Josue Selenes: We got him in the Rule 5. He pitches at 90, but the ball is pretty straight so what we are trying to do is get some movement. His arm angle almost doesn't allow you to get a whole lot of movement, but we are going to try to get him to have a tremendous change-up. We have him throw 30 change-ups almost every day. Jimmy is also working with him to develop a little bit better breaking ball, a more consistent breaking ball. If you can throw 90 miles per hour and locate it, and then you can go 80 miles per hour with a change-up, then you can help keep a team in the game for an inning or two. Sometimes without that major league breaking ball, the second or third time through that line-up would be difficult, but if we can get him to continue to develop that change-up, then he could have some success. In his last game when I was there, he threw something like three innings and he located his fastball really well and he gave up one hit in the three innings that he pitched. He was a very nice pick-up for us.

Did you work with him when he was with the Yankees at all?

When I did it was very short. He was in the Gulf Coast League when I was there [in Tampa] with my Yankee rehab guys. I did have some workings with him. Honestly, he hadn't changed a whole lot since a few years ago when he was with [the Gulf Coast Yankees] and that is why I really challenged Jimmy to make him better with the change-up and the breaking ball. Neither one from what I remember from a few years ago was very good. The fastball life was there, the velocity was there and even the fastball command was there, but not much else has changed over the past year or two. Like I said, I have really challenged Josue and Jimmy to get better – tomorrow. [laughs]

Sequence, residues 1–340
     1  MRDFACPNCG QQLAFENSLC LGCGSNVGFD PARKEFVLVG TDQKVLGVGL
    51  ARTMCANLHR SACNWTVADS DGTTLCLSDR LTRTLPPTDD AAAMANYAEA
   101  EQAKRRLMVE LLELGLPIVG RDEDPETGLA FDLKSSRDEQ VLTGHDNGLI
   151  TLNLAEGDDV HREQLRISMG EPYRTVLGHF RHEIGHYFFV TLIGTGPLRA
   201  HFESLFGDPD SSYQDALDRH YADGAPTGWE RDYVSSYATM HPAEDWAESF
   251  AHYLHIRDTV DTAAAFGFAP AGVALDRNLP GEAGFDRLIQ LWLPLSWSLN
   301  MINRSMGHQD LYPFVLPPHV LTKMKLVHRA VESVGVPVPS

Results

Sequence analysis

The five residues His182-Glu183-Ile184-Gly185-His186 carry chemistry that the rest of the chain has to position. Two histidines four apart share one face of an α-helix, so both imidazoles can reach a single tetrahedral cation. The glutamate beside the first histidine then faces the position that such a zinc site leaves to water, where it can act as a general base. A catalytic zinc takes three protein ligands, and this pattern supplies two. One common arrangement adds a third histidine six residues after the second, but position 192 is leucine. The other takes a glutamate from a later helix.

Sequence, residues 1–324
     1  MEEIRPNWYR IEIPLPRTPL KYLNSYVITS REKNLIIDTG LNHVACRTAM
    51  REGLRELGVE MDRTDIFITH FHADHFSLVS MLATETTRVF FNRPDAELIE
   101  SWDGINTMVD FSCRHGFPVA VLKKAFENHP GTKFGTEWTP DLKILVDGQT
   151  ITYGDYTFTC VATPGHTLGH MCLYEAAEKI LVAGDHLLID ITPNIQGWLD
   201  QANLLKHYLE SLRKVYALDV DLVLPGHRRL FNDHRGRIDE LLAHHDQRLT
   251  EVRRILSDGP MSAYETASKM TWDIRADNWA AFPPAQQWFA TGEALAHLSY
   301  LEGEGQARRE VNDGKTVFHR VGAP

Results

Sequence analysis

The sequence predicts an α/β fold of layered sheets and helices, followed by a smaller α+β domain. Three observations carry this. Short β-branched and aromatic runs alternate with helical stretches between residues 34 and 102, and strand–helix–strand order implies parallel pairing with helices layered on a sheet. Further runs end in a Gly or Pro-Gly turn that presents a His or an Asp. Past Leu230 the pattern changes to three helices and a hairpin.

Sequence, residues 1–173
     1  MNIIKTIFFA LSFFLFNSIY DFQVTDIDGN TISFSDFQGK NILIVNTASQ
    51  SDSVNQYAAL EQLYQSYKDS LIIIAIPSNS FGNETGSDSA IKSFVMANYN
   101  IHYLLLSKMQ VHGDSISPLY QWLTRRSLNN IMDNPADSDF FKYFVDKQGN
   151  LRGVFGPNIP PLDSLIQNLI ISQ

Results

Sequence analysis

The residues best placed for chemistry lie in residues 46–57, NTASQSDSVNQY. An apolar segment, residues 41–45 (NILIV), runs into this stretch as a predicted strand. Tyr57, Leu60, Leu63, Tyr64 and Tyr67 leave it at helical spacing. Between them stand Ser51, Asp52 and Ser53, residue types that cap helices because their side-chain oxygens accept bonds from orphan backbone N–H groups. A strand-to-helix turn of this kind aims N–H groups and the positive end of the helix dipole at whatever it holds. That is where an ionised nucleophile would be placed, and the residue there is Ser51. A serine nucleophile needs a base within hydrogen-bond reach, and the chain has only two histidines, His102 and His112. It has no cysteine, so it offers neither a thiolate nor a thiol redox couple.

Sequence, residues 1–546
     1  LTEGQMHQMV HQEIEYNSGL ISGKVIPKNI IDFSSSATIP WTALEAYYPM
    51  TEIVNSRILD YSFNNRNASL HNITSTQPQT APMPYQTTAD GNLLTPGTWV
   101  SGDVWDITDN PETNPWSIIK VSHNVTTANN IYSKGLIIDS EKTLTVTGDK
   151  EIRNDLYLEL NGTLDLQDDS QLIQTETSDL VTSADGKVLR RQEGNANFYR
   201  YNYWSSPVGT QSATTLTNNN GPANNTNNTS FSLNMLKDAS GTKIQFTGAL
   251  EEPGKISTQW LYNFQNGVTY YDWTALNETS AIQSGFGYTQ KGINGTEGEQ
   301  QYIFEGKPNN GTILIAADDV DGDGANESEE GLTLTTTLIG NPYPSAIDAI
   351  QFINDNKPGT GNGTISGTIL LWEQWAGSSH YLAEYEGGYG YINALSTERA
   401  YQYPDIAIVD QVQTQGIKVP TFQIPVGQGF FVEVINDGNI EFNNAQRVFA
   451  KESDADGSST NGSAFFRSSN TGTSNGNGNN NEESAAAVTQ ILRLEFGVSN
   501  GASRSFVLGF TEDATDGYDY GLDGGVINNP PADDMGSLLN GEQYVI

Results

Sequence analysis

Leonardo Espinal: We dropped his arm angle down a little lower. Not quite as low as Brad Ziegler. We might get [Espinal] a bit lower, but he can throw some 91-93 MPH dive-bombing sinkers and spin a slider pretty well. Since the motion is a little bit new to him, he is having at times a little bit of inconsistency with the command, but when you are throwing 91-93 sinkers and can spin a good breaking ball, you are going to have a chance to get some guys out. We are really hoping for that to continue. We have this new Dartfish program [a video program], and so what I have done is take clips of Ziegler and now we are going to take clips of Espy and put them together and show them just to see if maybe Espy needs to move a little bit lower and have Espy watch some of the other mechanics that Ziegler has. Maybe now if you are talking about someone throwing down at that low arm angle and throwing 90-91 miles per hour instead of 85, that's pretty good.

Jose Guzman: Guzy has done a nice job so far. He did a nice job for us in Vancouver last year. He is kind of a small guy. Thick, but small. I'm not going to say that he has one of those things where he is trying to throw the ball too hard, but he tries to rare back and throw it as hard as he can. Well, it's only 91-92. I remember years ago somebody was grunting and grinding to throw 90 and someone says ‘son, if you have to grunt to throw 90, you are in for a whole lot of trouble. If you have got to grunt, you should be throwing 96, 97.' It's true. It's almost the same thing with Figgy [Pedro Figueroa].

I said to Guzy, ‘you think that you are going to throw belt-high fastballs at 91 by guys? You have another thing coming. In the bullpen the other day, you finished your last three pitches and they were knee-high. When you throw 90, that is where you have to pitch, so forget about all of this I'm going to throw it as hard as I can and it is going to be 91 miles per hour and I am going to have a terrible delivery because I don't know where it goes.' The next outing he finished his pitches and he kept the ball down. He's got a pretty good change-up and he's got a curveball and a slider. One of Jimmy's projects is just to pick one [breaking ball]. I'm not going to say that no one has two breaking balls that are good. Some guys do, but most do not and they look very similar. If they look similar, just pick the sharpest one and the best one and use that. So that is the process that he is in.